Research grants are available for graduate students only and are intended to support the student while conducting research to be used for a doctoral dissertation, master’s thesis, or external publication in a scholarly journal. To be eligible for funding, students must be enrolled in graduate school at an NCAA member institution.

Submission Rules & Deadline
All grant materials should be electronically submitted via email with the subject line ‘Grant Submission’ and all materials attached in PDF form. Please submit materials to Dr. Tiese Roxbury (troxbury@ncaa.org) by August 11, 2013 by 11:59 p.m. More information is available on the NCAA website.
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Exercise and Science Headlines

Headlines include recent stories in the media on sports medicine and exercise science topics and do not reflect ACSM statements, views or endorsements. Headlines are meant to inform members on what the public is reading and hearing about the field.

White House: Schools Must Be Open to the Disabled
USA Today    Share    Share on FacebookTwitterShare on LinkedinE-mail article
The Obama administration for the first time is telling school districts across the U.S. that they must give disabled students equal access to extracurricular sports, a move that advocates say has been years in the making.

In a letter to schools, Acting Assistant Secretary for Civil Rights Seth Galanter of the Department of Education says schools should provide "reasonable modifications" to allow disabled students to participate – for instance, providing a deaf track athlete with a flashing light that goes off simultaneously with the starter pistol that others hear.

A Timeout Jeered Round the World
The New York Times    Share    Share on FacebookTwitterShare on LinkedinE-mail article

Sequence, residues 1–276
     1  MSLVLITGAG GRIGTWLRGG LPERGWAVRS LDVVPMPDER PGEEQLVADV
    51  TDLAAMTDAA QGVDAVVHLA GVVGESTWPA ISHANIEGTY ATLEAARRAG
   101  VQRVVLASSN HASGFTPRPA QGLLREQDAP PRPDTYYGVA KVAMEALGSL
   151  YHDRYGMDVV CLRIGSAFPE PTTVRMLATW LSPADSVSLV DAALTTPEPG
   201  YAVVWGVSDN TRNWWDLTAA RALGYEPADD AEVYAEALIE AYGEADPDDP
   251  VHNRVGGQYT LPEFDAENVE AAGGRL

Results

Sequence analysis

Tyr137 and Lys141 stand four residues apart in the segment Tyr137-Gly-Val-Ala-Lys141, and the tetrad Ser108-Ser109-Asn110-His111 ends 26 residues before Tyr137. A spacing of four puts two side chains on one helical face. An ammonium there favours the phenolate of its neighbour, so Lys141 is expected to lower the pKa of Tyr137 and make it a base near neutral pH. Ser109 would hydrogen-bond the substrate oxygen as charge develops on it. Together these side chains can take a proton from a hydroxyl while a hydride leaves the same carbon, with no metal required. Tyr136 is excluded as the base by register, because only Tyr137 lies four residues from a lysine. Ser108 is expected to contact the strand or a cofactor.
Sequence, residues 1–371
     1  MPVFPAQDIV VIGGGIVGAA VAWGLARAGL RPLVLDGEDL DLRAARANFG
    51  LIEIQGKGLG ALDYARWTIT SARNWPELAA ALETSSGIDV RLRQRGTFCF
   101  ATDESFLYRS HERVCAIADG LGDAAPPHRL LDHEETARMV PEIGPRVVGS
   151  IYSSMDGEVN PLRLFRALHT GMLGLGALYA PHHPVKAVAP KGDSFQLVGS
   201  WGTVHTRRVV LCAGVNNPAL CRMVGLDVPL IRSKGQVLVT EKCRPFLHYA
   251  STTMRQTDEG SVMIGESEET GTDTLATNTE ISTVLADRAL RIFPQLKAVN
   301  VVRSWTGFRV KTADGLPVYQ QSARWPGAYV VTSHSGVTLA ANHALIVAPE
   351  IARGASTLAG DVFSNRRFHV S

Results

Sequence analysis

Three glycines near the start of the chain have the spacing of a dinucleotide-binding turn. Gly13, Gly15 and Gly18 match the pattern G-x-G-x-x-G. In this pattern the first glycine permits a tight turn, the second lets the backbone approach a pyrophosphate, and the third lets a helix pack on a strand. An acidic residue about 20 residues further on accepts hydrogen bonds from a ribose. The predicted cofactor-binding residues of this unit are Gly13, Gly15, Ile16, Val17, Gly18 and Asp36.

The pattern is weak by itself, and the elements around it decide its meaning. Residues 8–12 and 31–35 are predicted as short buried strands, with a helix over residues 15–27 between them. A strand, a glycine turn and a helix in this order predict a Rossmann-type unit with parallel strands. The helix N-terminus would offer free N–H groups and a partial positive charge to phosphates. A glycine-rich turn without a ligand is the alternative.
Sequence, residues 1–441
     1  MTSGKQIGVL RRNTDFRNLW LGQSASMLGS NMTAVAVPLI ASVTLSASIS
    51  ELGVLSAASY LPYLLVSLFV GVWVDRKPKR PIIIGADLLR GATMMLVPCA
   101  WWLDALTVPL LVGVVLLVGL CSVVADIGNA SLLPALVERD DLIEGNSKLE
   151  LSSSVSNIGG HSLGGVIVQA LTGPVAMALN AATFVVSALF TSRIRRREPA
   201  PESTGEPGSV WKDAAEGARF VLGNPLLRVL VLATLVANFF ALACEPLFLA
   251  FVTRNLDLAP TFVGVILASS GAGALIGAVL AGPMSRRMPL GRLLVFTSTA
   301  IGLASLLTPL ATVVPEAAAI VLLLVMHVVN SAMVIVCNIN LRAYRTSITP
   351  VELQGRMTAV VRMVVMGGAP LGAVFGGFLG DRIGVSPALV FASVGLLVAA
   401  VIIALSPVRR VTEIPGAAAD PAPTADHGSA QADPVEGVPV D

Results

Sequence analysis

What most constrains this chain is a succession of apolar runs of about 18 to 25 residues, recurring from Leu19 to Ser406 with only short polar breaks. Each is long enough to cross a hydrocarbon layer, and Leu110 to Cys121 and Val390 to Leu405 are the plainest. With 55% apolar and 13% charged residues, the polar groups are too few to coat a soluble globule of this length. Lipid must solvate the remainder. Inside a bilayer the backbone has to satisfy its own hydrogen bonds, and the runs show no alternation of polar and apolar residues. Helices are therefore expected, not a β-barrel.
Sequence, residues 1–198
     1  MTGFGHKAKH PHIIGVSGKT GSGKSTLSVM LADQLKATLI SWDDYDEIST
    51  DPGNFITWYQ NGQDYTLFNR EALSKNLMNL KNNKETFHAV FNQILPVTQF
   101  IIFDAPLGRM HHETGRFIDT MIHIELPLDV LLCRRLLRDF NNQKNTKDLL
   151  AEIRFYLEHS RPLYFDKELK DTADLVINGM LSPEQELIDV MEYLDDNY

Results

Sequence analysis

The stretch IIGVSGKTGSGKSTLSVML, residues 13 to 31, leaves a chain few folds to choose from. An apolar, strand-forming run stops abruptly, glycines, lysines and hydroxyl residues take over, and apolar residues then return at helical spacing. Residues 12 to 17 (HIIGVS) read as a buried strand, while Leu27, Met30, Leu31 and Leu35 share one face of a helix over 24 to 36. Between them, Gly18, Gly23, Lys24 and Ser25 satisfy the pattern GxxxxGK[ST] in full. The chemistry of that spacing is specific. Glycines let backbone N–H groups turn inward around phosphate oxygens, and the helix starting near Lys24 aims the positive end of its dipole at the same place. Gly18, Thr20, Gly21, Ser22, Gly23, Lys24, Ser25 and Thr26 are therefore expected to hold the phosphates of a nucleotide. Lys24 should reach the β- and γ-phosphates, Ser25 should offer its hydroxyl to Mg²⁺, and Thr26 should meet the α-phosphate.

When the world’s top-ranked female tennis player was examined on the court and then granted a medical timeout Thursday during her semifinal match at the Australian Open, the howling commenced immediately. Skeptical fans at Rod Laver Arena and those watching on television worldwide were convinced that the player, Victoria Azarenka of Belarus, was suffering from nothing more than an attack of nerves and perhaps faked an injury to collect herself after losing several crucial points.

After her 10-minute reprieve — six minutes of it off the court — Azarenka closed out a 6-1, 6-4 victory. A sport that in recent years has dealt with loudly grunting players and accusations of match fixing is now facing another vexation: determining what constitutes a real injury.




Sports Medicine Bulletin
Sports Medicine Bulletin is a membership benefit of the American College of Sports Medicine. There is no commercial involvement in the development of content or in the editorial decision-making process for this weekly e-newsletter. The appearance of advertising in Sports Medicine Bulletin does not constitute ACSM endorsement of any product, service or company or of any claims made in such advertising. ACSM does not control where the advertisements appear or any coincidental alignment with content topic.